“Clevedon Pier” by Steve Chatman (Or When Whitespace Is Truly White)
Whitespace is a term borrowed from the publishing industry where the application is quite literal: It is the space surrounding the typeset paragraph. In photography, it is supposed to apply to the area around the subject, which isn't always white nor is it always completely devoid of detail. It is just devoid of important detail. So normally I prefer the term negative space, except when that space is actually white. In those cases, I believe the white has more weight and power than other forms of negative space. This week, we feature a photo that uses whitespace quite effectively. Titled Clevedon Pier, this inspiring photo was captured by Steve Chatman.
A brief aside: On the scale of tones and colors, the two most powerful are black and white. Like their places on the tonal scale, their impact on the viewer is also quite opposite. Black can be looming, creepy, haunting, lonely and sometimes evil. White is pure, trusting, safe and welcoming. Even in color, each has an important role. Predominately black photos can be off-putting. Meanwhile, photos that are more white (brighter) tend to be more welcoming, honest and inviting. You're inviting your viewer to visit with your photo, stay a while and get to know it. For that reason, I feel that white is the most powerful of all values. So when the negative space is actually white, I like to refer to it as whitespace (because negative space sounds so….black, don't you think?).
Back to Clevedon Pier. To put it simply, Steve's photo makes me want to visit this place. It's a looks to be a quaint Victorian pier that is worthy of a walk out to the end, and I expect I would enjoy spending time there. There's a good reason the pier is so inviting, and it isn't entirely because of its architecture. The most obvious reason is the reflections. Even if they aren't crystal clear, reflections are appealing to the eye. They draw us into a photo and reveal details, imaginary lines and perspectives that aren't readily apparent in the right-side-up world. Another feature inviting us is the leading lines. It's a shallow angle of the walkway leading up to the end is just enough of a tilt and the right amount of convergence to push your eye from the edge toward the end. Next is the end of the pier itself, which is significantly larger – and therefore holds more weight – then every single other element in the shot. While all of these features would be enough to make the viewer want to take the stroll to the end, none is as effective without the powerful whitespace that is completely surrounding our subject.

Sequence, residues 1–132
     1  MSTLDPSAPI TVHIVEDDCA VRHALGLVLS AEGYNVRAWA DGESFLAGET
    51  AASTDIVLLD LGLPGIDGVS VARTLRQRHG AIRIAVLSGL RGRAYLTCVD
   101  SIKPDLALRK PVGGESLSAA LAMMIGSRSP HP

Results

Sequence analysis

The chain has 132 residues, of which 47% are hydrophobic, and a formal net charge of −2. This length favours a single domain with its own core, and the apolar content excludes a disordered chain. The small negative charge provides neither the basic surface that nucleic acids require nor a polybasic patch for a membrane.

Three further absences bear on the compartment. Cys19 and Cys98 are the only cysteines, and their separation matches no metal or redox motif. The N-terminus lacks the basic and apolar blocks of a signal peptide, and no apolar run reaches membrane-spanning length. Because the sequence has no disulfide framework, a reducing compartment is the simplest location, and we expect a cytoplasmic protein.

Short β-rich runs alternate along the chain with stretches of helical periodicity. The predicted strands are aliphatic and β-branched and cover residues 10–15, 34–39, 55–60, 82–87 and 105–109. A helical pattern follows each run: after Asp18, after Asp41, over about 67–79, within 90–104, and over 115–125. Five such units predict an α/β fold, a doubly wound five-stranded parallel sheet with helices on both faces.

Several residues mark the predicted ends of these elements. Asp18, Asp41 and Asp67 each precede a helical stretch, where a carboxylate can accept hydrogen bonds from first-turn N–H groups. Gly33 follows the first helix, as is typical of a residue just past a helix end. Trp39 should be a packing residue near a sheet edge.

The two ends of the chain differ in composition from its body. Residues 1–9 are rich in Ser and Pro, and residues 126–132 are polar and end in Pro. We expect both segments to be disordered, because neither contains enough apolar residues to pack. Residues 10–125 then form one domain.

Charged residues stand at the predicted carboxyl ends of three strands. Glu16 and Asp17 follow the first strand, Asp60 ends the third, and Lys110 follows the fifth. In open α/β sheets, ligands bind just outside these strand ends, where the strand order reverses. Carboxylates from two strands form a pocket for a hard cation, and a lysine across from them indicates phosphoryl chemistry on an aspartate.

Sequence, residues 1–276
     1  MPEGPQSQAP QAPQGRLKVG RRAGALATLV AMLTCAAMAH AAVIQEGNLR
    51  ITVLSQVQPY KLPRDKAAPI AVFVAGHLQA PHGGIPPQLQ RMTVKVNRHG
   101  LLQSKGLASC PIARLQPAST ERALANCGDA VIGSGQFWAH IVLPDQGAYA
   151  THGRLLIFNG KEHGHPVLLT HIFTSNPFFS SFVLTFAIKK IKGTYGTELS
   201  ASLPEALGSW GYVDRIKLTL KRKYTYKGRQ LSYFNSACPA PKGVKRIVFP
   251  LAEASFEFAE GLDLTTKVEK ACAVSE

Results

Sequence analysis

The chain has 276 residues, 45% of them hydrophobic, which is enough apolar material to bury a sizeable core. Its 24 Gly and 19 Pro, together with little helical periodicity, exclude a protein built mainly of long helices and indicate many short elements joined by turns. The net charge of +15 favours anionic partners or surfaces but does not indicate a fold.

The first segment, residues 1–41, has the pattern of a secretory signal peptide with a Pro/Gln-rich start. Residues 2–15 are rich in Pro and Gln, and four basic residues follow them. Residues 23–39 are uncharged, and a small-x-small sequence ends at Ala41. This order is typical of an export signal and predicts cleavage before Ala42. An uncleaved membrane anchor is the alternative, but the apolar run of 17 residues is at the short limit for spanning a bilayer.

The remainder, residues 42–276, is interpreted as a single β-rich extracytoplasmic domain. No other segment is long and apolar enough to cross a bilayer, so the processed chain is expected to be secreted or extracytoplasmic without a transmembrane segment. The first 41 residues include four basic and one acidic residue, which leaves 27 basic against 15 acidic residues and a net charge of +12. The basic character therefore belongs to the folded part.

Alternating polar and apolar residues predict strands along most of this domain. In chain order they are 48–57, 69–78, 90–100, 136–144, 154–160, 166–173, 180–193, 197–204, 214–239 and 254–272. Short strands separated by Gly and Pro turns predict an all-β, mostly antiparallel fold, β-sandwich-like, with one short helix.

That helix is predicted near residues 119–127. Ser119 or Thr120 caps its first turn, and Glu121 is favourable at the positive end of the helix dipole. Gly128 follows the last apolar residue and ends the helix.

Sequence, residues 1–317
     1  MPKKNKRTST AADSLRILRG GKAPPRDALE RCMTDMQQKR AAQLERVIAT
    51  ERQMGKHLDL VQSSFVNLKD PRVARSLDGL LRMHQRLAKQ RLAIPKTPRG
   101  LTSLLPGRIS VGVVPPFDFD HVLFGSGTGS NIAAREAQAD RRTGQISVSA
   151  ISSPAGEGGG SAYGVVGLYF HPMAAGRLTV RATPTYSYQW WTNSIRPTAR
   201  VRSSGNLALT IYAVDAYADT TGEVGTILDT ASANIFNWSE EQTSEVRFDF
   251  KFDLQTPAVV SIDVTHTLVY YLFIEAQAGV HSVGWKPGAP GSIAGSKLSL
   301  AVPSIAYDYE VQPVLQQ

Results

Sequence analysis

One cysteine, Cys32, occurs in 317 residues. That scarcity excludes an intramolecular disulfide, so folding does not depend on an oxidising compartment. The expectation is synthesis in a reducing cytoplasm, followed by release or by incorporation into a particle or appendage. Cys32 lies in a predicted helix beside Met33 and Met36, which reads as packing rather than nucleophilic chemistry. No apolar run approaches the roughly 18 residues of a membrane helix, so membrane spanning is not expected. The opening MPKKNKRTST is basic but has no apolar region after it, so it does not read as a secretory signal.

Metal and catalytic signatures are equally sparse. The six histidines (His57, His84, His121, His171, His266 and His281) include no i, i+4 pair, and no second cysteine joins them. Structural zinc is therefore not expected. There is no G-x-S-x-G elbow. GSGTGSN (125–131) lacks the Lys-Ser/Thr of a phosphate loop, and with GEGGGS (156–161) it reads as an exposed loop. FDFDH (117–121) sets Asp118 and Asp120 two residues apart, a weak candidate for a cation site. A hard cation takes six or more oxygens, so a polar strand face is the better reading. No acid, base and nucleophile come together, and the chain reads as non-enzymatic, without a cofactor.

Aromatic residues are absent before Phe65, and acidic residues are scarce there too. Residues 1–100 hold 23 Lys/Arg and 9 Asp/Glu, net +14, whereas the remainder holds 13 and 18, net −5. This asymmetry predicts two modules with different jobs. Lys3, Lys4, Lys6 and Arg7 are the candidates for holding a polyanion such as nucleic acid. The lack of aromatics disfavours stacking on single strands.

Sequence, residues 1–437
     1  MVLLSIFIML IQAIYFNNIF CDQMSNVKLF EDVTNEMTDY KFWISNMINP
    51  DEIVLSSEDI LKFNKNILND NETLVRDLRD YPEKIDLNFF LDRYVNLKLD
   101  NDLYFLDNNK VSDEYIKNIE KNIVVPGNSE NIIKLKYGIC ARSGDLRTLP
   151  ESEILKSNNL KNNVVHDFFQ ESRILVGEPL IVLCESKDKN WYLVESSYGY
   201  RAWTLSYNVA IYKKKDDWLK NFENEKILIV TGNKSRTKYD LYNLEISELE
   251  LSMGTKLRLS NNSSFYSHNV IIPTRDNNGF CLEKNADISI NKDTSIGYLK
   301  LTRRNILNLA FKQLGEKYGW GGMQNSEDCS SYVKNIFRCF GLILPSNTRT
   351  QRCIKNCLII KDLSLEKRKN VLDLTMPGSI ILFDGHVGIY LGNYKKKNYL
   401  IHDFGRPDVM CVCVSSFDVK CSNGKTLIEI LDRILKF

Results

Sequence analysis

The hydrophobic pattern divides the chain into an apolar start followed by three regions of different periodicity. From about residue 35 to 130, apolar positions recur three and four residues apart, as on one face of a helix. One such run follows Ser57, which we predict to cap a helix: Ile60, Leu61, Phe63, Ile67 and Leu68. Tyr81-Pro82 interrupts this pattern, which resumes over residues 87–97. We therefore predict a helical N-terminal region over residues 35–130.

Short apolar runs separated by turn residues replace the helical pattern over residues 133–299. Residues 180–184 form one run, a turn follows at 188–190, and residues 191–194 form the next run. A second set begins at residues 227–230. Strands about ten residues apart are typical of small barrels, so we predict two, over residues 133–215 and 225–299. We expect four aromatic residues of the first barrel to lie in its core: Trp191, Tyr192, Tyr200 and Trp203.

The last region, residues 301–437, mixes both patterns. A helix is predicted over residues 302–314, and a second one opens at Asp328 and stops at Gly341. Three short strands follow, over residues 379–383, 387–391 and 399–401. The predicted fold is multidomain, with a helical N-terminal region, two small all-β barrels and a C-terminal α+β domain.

Squint as you might, it's very difficult to figure out exactly where the horizon is. The water meets the sky and carries on. The result is the canvas for which the pier will exist. This scene has structure because of it; because all of that space is pushing inward onto the subject. Try this little experiment: View the image as large as you can and focus on any edge or corner of the photo. Try as you might, it is very difficult not to find your eye wandering towards the pier. That is both a measure of the power of the whitespace as well as a measure of how well balanced the scene is. Now one might initially think that a shot like this needs to be captured on a foggy, cloudy day. But with some choppy water and a long exposure and a black & white conversion, it is possible to blur the line between water and sky. The side effects, such as the defined the fuzzy reflections, only add to the inviting nature of the photograph (and therefore, I guess it's not technically a side effect). In post, I'm sure Steve pushed down the saturation of the blues, boosted contrast and tightened up the dynamic range to reveal this finished product. The results are impressive and inviting, thanks in part to all that surrounds.
Steve Chatman is a Landscape Photographer that also dabbles in other genres. But his experience with landscapes has given him the wisdom to create beautiful and inviting photos like Clevedon Pier above. So he is a photographer that is deserving of your attention and time. At the very least, you should browse through his photostream. If you're a Flickr member, you should be following him as well.